3. This was a fascinating and beautiful tour of the area, Robert. I have always been intrigued by the convoluted history of New York. How cool it must be to walk those paths and encounter bits of the past. And the snake! Marvelous. I grew fond of black rat snakes when we lived in Peoria but I agree with you, there is something decidedly disagreeable about seeing a snake at eye level on a tree! Although I believe they are very useful in one’s attic.

    Erk! As I type this I see that snow has begun to fall!!!! 😦

  4. Another rich post, Robert….many fine photos, too. I love the oak leaves high in the air and the closeup and river photo (#6,7,8). And the old bridge – nice colors! and the old brick arch, what’s left of it. You get the feeling across well, of the finger lake area. The story of the land ownership is so wacky, it just goes to show how ridiculous the whole idea of land ownership is, ultimately. How cool that Birkett Mills is still grinding buckwheat. As usual, you have included just the right number of asides and silly facts to keep everything moving along…..

    • For a sleepy little corner of the world, there’s tons of history. Dresden, the hamlet on Seneca Lake, at one end of the trail, has a house museum that’s the birthplace of Robert Ingersoll, who isn’t much remembered now, but in the 1800’s, he was an incredibly popular speaker. And what’s amazing and interesting to me, is that people would turn out by the thousands, to hear him talk about humanism, agnosticism, and women’s rights. It doesn’t really synch with most people’s image of the repressed and rigid Victorian times, to have folks flocking to buy tickets to hear a freethinker, and his essays and speeches on outdated religious doctrines were reprinted and discussed everywhere. I’ve wondered if a lot of those oldtime Victorians were actually more open-minded than people in our time.

  5. Like nature, you’ve painted with a broad brush here. The history of Amish leaves? Bridge over the river Penn Yan, which ran into Crooked Lake, where the crooks passed off a bunch of failed land schemes?

    I think I may have flunked the history and geography test, but it was a fun little ramble and I liked the pictures. 🙂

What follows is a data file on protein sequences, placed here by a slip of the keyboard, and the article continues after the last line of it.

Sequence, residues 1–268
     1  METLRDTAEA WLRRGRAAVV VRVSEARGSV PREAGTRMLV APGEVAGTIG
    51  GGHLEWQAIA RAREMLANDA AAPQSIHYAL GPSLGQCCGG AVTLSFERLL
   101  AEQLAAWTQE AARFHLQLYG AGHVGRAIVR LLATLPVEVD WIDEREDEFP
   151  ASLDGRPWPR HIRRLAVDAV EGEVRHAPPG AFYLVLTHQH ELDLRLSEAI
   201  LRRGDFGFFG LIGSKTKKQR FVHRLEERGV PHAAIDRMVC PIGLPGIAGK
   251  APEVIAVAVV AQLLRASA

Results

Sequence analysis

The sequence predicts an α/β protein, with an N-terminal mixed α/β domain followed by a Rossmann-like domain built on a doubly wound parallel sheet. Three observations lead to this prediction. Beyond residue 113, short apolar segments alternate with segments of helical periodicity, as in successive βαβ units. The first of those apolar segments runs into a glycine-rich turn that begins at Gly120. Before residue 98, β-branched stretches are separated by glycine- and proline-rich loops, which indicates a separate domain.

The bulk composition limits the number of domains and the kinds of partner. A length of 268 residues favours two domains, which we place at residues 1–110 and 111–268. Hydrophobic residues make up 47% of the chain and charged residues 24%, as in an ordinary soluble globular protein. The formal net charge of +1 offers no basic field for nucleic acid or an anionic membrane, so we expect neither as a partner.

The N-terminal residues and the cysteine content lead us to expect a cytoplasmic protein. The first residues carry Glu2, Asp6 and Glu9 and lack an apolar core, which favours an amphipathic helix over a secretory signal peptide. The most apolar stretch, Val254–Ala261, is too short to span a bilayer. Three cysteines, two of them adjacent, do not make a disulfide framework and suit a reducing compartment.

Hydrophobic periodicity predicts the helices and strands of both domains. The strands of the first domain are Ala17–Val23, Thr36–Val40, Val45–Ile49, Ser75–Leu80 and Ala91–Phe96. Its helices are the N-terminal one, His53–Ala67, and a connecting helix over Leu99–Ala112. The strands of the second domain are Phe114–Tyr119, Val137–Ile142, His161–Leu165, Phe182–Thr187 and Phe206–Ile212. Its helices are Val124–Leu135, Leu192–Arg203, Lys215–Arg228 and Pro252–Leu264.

6. Keuka Lake certainly does have an interesting shape. It looks like a dowsing rod, although a dowsing rod made of water would be — well, odd.

    It must have been a happening place along those streams when all of the mills were active. I’ve always heard place names like Grogan’s Mill without realizing there were real mills behind them. That’s what comes from being a flatlander, I suppose.

    Then there are those groats. When you mentioned them, I realized I didn’t have a clue what a ‘groat’ might be. Imagine my surprise when I learned the steel-cut oats I’ve used for years are sliced oat groats, or that the bulgur wheat in tabbouleh is actually wheat groats. Apparently buckwheat groats are part of the ‘groaty pudding’ that the Brits eat on Guy Fawkes night; the groats are soaked, combined with beef, onion, and leeks, and then baked. It doesn’t sound too bad, if there’s no pizza delivery in the neighborhood.

    Your various photos of the foliage are gorgeous, but I really like the first one. I can almost smell the dust that gets kicked up from a heavy, dry leaf cover. There may be people who can resist shuffling through fall leaves, but I’m not one of them.

    • A dowsing rod! That’s a great idea, it does look like one. “Groaty pudding” on the other hand, hmmm, seems it could be pretty tasty, but the name sounds like a bad medical condition “I was so sore and limping, that groaty pudding on my left foot just flared up again”

  7. Awesome photos and writing, well done. Your post and a few of the comments above touched on history and I always think it’s amazing how much history can be found in rural areas and, unfortunately, how much of it is overlooked … even though it really does intersect with the “big history” that people are more familiar with. A few years ago my dad gave me a handful of documents from the abolitionist movement that he found tucked away in the ceiling of his boyhood home — an old stone house around the corner from where I grew up. He had no idea how they ended out there, but among the documents is an 1840 handwritten letter to the abolitionist Lewis Tappan from one of the slaves taken captive from the Amistad … now who would have thought that such a thing would turn up in the rafters of a little stone house in Cadyville, New York?

    Bye for now … 🙂

    • Wow, very cool! I read about the Amistad in one of my classes, and then saw the Spielberg movie, which I thought was well done. That’s exciting, to have original documents from so long ago. Cadyville is only 50 miles from John Brown’s farm, and Gerrit Smith’s settlement for free blacks, maybe there’s a connection, that’s a fascinating historical mystery

  8. A fascinating post and wonderful photos Robert. You do a great job of sharing history injected with a sense of humor. You’ve captured the history and nature’s beauty of this area.